On Thanksgiving morning 1955, Fay Wilson and Rubye Wiggins landed at Moisant International Airport in New Orleans. The two women, traveling from Los Angeles, were headed to an executive board meeting of the Chi Eta Phi Sorority, a professional organization for black nurses. The New Orleans stop was just a brief layover on the way to the meeting site in Tuskegee. As they waited for their connecting flights, Wilson and Wiggins, along with two other officers in the organization, decided to head to the airport’s Dobbs House dining room for breakfast.
The four women were met at the dining room entrance by the white cashier. “[She] greeted us asking, ‘How many are in your party?’ ” Wilson told a reporter at the Atlanta Daily World. “Then she proceeded across the dining room to the opposite corner and began to adjust a wooden screen about 7 or 8 feet high, which seemed to serve the purpose of screening the table. She directed us behind this screen.” As they were the only African-American patrons in the restaurant at the time, the women concluded they were asked to sit behind the screen in order to make them invisible to the white patrons in the restaurant. “We refused these services,” said Wilson, “and left the dining room.”
This account of racial discrimination is just one outlined by historian Anke Ortlepp in Jim Crow Terminals: The Desegregation of American Airports (University of Georgia Press, 2017). While stories of racial discrimination experienced by railway and bus passengers will be familiar to most readers, perhaps less well known are tales about commercial air travel. Orlepp chose to focus her study on the airline industry, in part, because of the odd dichotomy passengers experienced: While Southern airport terminals were typically segregated, the aircraft cabin itself was integrated, as airline travel was a federally regulated business.
The systematic segregation of airport space began in the late 1940s, writes Ortlepp. Because the administration of airports was a responsibility of local municipal authorities rather than the federal government, each city was able to define its own policies. At the same time, however, laws established by the Civil Aeronautics Act of 1938 prohibited discrimination of airline passengers on the basis of their race. In 1953, the NAACP began surveying airport space in an effort to document the spread of segregated facilities. In 1955, writes Ortlepp, Congressman Charles C. Diggs, Jr., the newly elected Democratic representative from Detroit, conducted a second survey, interviewing more than 100 airport managers in 13 states. The survey results were surprising: It wasn’t just restaurants, bathrooms, and drinking fountains that were segregated. Ground transportation was as well: While white passengers could easily catch a cab in front of the airport, black-owned taxis and limousine companies were not allowed to wait for fares, and were available only on demand, causing significant transportation delays.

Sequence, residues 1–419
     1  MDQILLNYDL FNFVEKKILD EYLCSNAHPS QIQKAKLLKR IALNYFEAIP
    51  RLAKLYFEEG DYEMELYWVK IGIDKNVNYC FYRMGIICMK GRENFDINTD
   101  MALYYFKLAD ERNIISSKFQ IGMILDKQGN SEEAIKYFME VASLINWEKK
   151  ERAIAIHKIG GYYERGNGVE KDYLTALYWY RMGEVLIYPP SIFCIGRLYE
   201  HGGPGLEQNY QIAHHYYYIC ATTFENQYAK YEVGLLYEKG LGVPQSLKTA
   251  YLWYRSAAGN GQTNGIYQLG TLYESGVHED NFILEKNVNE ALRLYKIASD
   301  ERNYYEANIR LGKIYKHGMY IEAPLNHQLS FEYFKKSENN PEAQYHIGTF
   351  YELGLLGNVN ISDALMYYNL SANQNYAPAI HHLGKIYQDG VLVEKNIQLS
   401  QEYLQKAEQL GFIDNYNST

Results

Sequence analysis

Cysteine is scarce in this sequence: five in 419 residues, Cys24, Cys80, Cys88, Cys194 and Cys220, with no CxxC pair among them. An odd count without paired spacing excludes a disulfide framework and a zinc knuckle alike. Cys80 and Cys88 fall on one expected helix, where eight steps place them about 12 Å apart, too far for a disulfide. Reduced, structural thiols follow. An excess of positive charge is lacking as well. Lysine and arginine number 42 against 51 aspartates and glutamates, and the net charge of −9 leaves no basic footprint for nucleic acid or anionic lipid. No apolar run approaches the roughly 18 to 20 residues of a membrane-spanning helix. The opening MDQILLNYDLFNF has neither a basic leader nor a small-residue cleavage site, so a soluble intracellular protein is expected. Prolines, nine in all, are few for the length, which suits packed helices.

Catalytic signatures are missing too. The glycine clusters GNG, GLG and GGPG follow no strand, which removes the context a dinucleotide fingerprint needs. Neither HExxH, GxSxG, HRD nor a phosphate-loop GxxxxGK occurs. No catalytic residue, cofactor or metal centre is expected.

Ortlepp’s exceptional book traces not just the emergence of systematic segregation within airports, but also the process of desegregation. Integration was achieved only because airports depended upon the money they received through the Federal-aid Airport Program (FAAP), funds earmarked for the construction of new airports. To receive a grant, applicants had to agree to the Civil Aeronautics Administration’s anti-segregation regulations: Funds would be denied for the construction of airport facilities which were to be used on a racially segregated basis. The rule would apply to new construction as well as remodeling and repair of existing facilities; those cities that violated the conditions were subject to lawsuit.
“The United States v. City of Montgomery turned out to be the leading case in the Department of Justice’s efforts to tackle airport segregation,” writes Ortlepp. In 1962, Dannelly Field Airport in Montgomery, Alabama, one of the last segregated airports, was ordered to comply with the federal court order guaranteeing African-American passengers equal access. In reaction to the desegregation ruling, writes Ortlepp, “defense attorney Calvin Whitesell announced that rather than accept the integration of the airport terminal’s service facilities, the city would close and destroy them. At the same time that segregation signs were to come down, concrete would be poured down all the toilets; the water supply to the sinks and drinking fountain would be cut off; seats would be taken out of the waiting areas; and last but not least, if black patrons tried to use the Sky Ranch restaurant it would close, too. The city’s plan was brought to a halt by Montgomery’s business community, whose efforts had led to the construction of the new airport terminal in the first place.”
The last U.S. airport to integrate was in Shreveport, Louisiana. On July 10, 1963, after a court order, the signs indicating “white” and “colored” areas were finally removed.